Billing information 246 may also be generated by a system that employs server system 222, and may result in a bill 248 being sent to a payer, such as a patient and/or an insurer or managed care program. The billing outputs may, for example, result from a physician tracing a path through groups of icons for objects, actions, and body parts, and thus the occurrence of an associated procedure being registered as having been performed on the relevant patient.
 Using these components, the system 220 may provide for simplified input of certain healthcare-related computer interactions. For example, a caregiver may drag cross-wise, wholly from left to right (or downward from top to bottom) across columns of icons, with the icons of a downstream column being affect by what icon was selected in the first column. Such icon selected may be interpreted, in combination, to produce a textual natural language description of the activity that was recorded, perhaps with one or more images or other items being also provided, such as to an EMR.
 FIGS. 3A and 3B are flow charts of processes for generating healthcare notes from caregiver inputs. In general, FIG. 3A shows actions that occur when a users selects icon on a GUI in an ordered fashion, while FIG. 3B shows a flowchart that permits for options in which a user selects icons.
 Referring now to FIG. 3A, the process begins at box 302, where a software application for a particular practice area is instantiated. Such instantiated may occur by a healthcare provider selecting an icon on a computer desktop for the application. The particular practice area may be selected based on where the computer is located (e.g., in an ICU), based on the identity of the provider (which may be determined by fingerprint swipe, login credentials, or similar mechanisms), or based on the most recently-entered information on a computer. For example, a physician may enter information about a particular procedure that was performed on a patient, and then the physician switches to another procedure or another patient, the practice area may stay the same.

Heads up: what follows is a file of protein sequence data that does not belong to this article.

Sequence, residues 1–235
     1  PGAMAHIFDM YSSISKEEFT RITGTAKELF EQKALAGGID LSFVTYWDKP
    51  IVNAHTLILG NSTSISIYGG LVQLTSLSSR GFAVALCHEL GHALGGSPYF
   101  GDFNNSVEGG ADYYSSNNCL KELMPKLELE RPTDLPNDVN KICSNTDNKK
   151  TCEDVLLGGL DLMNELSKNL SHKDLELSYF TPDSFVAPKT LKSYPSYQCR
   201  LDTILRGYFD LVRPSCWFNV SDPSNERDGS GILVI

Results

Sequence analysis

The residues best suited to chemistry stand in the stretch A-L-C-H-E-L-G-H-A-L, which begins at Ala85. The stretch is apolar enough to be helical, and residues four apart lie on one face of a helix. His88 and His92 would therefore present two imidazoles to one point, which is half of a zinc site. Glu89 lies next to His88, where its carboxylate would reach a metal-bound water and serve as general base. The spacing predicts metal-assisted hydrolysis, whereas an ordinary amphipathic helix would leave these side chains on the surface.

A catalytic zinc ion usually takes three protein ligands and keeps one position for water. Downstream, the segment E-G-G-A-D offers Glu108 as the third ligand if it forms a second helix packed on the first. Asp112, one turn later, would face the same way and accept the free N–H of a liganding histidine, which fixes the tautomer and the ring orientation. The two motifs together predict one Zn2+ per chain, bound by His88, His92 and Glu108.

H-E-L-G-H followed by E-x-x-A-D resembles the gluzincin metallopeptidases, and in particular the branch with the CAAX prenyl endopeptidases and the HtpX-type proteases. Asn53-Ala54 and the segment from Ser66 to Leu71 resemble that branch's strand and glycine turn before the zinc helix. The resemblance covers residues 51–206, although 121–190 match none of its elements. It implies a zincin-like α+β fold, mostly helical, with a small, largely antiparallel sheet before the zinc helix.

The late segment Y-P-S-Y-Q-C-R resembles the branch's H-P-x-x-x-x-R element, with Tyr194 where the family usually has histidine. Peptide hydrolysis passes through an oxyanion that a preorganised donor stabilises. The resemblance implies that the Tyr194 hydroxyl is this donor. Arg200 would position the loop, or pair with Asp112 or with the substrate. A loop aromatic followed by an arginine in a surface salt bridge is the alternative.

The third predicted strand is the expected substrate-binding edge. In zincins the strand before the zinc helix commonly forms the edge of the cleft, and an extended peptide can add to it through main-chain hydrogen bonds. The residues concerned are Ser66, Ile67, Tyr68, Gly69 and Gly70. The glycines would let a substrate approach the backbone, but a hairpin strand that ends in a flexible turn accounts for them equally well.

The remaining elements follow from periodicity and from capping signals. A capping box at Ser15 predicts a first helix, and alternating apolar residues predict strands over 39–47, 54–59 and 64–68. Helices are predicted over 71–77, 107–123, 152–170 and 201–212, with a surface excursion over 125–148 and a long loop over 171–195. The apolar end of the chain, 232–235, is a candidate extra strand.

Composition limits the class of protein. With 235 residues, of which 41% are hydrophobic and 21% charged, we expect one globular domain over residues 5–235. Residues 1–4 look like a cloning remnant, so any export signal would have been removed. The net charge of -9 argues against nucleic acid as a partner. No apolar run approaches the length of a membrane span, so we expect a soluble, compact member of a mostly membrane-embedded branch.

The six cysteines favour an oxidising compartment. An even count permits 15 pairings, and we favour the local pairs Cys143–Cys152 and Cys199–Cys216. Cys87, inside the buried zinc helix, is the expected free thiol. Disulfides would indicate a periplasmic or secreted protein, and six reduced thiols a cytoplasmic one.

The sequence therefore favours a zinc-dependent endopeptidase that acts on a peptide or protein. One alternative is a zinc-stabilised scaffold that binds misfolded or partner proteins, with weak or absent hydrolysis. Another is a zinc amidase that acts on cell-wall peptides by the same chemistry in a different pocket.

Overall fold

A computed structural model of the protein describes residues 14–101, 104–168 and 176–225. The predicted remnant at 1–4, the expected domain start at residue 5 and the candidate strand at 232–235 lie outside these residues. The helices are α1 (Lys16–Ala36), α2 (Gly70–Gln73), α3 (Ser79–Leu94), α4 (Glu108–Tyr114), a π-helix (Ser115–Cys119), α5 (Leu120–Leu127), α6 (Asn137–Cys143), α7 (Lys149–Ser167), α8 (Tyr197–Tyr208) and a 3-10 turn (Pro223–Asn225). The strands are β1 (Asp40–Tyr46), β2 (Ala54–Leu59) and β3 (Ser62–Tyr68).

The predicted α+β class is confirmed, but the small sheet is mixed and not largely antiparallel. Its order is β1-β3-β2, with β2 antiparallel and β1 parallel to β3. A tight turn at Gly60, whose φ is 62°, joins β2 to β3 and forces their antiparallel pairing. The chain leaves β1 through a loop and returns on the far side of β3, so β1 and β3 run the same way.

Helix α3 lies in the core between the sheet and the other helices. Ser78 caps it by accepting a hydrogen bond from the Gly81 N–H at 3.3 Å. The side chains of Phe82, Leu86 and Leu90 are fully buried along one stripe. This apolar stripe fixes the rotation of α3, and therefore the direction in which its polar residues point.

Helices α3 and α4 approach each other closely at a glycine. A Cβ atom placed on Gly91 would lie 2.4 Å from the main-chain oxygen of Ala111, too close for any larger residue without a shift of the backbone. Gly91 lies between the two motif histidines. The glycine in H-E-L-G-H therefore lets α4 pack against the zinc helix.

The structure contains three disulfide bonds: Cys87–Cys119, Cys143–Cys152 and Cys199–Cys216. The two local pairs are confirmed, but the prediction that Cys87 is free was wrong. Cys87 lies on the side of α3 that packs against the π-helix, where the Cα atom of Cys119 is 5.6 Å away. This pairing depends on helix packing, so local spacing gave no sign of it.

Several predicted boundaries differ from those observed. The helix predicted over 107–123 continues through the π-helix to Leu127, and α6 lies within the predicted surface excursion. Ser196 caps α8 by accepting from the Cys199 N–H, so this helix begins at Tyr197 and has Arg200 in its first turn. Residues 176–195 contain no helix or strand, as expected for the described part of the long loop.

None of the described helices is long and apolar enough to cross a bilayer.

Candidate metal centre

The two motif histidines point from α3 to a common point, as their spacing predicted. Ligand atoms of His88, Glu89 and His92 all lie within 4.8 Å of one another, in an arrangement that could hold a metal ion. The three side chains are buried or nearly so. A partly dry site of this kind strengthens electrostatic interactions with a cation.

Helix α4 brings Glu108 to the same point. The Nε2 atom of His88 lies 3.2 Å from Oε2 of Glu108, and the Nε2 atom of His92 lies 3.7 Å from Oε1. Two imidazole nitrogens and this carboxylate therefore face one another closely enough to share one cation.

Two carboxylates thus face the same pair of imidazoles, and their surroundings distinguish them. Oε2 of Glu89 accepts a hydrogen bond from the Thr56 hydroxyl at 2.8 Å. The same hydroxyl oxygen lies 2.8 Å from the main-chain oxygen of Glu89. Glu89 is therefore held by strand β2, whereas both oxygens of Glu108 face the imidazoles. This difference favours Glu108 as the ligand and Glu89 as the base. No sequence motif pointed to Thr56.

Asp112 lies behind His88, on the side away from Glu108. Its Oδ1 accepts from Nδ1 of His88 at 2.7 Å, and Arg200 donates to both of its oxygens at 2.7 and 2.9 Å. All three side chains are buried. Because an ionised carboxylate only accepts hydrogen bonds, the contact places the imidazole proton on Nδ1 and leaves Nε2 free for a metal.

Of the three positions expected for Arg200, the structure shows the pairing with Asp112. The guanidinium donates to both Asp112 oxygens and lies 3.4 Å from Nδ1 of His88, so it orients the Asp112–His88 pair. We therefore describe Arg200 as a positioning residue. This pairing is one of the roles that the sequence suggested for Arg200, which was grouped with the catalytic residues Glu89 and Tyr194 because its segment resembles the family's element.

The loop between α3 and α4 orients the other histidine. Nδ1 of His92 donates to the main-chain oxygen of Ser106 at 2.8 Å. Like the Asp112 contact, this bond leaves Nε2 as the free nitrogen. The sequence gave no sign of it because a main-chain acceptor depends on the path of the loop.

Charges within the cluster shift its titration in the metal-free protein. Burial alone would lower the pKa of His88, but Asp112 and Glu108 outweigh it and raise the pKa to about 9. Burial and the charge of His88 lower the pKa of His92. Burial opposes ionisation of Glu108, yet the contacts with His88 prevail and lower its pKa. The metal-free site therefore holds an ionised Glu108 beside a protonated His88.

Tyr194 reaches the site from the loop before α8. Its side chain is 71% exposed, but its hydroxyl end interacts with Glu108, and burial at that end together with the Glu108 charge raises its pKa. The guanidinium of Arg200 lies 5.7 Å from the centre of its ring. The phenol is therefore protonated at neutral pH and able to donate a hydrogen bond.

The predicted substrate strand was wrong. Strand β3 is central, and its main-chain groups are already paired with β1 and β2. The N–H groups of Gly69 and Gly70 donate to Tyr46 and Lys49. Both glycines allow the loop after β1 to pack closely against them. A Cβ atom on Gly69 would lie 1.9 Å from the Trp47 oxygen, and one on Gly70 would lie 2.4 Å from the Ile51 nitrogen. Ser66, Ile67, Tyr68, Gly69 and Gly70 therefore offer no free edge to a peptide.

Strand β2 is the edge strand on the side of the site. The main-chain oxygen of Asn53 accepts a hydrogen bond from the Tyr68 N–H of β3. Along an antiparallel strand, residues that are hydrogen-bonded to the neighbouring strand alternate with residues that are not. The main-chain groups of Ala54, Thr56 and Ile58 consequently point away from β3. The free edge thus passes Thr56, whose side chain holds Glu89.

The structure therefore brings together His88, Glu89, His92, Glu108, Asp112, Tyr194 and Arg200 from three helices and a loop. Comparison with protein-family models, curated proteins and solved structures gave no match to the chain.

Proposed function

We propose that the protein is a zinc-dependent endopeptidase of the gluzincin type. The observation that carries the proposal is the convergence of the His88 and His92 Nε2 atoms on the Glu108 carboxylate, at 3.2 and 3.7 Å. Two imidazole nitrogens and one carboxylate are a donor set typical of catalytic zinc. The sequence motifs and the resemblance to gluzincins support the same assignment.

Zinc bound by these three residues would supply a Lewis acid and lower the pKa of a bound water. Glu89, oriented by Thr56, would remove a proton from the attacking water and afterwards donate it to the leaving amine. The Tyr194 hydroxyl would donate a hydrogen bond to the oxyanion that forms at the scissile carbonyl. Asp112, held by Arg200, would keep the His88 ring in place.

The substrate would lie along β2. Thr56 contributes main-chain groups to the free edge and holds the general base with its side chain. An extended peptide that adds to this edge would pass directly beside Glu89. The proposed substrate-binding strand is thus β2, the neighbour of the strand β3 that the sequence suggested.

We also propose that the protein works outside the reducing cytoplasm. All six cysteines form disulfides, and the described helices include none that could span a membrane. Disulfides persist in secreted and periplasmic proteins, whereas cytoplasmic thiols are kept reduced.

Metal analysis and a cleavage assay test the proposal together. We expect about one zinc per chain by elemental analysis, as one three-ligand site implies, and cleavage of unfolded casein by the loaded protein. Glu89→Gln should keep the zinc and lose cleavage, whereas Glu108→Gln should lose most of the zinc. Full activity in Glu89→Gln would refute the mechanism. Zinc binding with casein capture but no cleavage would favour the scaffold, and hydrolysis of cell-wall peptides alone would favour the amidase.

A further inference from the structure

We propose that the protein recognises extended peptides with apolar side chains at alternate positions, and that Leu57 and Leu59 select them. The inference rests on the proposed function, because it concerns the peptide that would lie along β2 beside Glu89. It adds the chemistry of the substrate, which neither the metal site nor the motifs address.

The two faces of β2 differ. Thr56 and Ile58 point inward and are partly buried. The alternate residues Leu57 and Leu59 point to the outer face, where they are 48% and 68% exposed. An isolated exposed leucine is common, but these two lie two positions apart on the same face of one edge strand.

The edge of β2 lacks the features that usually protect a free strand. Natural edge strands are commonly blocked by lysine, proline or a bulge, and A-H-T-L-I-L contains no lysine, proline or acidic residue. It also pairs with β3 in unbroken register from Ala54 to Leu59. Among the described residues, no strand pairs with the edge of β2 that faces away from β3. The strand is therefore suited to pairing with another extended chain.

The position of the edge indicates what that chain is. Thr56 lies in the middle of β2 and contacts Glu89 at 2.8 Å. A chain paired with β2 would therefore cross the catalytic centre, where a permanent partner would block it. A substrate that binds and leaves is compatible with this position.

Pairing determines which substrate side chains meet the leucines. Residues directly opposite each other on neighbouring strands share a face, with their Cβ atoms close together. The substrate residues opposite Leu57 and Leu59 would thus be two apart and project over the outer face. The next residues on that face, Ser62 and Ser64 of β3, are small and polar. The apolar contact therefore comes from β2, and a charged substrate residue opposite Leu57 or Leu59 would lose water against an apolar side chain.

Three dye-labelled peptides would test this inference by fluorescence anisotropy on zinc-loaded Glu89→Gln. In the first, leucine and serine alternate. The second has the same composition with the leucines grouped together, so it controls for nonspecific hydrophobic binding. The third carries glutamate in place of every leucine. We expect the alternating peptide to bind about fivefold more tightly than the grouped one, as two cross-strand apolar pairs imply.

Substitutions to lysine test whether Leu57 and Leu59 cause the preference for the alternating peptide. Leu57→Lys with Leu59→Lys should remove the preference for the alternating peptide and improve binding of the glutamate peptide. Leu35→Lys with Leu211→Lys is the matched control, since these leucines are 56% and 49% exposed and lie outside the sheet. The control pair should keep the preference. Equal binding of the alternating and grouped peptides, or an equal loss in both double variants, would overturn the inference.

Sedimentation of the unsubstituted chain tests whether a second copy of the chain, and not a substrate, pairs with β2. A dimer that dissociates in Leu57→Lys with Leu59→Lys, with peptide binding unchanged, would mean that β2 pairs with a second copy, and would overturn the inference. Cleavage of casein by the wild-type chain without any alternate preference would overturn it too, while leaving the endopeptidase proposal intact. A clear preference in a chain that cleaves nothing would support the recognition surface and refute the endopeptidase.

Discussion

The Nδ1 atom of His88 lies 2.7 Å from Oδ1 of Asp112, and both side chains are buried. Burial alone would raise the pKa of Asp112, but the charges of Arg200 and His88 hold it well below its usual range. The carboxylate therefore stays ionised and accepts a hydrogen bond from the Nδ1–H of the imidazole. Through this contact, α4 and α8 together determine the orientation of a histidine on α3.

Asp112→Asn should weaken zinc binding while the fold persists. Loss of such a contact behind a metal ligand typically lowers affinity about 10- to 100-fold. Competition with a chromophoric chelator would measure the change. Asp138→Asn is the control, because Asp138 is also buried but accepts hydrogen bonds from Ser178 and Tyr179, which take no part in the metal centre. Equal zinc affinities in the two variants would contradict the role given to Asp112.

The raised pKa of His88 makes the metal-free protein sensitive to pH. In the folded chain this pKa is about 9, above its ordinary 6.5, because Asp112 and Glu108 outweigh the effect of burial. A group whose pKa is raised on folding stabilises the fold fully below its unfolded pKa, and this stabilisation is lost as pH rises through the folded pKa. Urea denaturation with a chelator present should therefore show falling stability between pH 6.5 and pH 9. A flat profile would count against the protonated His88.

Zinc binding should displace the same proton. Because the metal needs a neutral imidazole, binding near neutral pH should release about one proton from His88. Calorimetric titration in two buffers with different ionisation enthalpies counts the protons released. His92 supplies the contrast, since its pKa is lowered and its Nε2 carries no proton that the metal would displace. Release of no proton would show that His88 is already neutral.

Instantiation of the application may cause one or more groups of icons to be displayed on a GUI for the system. For example, the groups may be arranged by category and ordered as shown in FIGS. 1A and 1B above. The groups may represent a variety of parameters, including sizes or volumes of items provided to a patient, the type of worker treating the patient, the disease treated by the caregiver, the type of medical instrument used on the patient, the type of drug given to the patient, and the type of consumables used on the patient (e.g., compression bandage, etc.). The groups may be selected contextually, such as by selecting particular groups to display the a particular practice or specialty area. Also, the groups may be selected by the caregiver providing an initiating input, such as by scanning a bar code near the computer for a particular parameter, or scanning a bar code on a package or instrument that was used with a patient.
 At box 304, the process receives a user selection on a descriptor object, which may take the form of a grammatical noun. The description object, in other words, may be in a category of tangible things that the caregiver has used on the patient, such as a stethoscope, a bandage, a syringe, or similar such item. The descriptor object may also represent the caregiver himself or herself. Such a selection may occur by a user pressing their finger or moving an icon on a display of a computer and pressing down on the icon.
 At box 306, a user selection on a modifier is received. The modifier may relate to the selected object, and may narrow the scope of the object. For example, the modifier may describe a category of verbs that relate to actions that may be performed with the object. The modifier may also express a procedure performed with the selected object. In addition, the modifier may express a size of the selected object, or a model type of the selected object. For example, if the object is a bandage, the modifier may specify whether is a gauze bandage, an adhesive bandage, an elastic bandage, or another form of bandage.
 The modifier may in turn lead to the selection of a further modifier. For example, four columns of selectable icons could be displayed rather than the three shown in FIGS. 1A and 1B, or pop-out selections may be provided for the object or for the modifier. For example, where the modifier is a model number identifier, the extra modifier may specify a size or sub-model number. The extra modifier, in addition to being in a fourth column or row next to the column or row for the initial modifier, and also appear in contextual pop-out menus from the modifier row or column. The user may then slide their finger up or down in the pop-out menu to select a value in the menu, and the pop-up may then disappear, though the selected value may stay displayed until the user finishes selecting one entry for the second modifier category.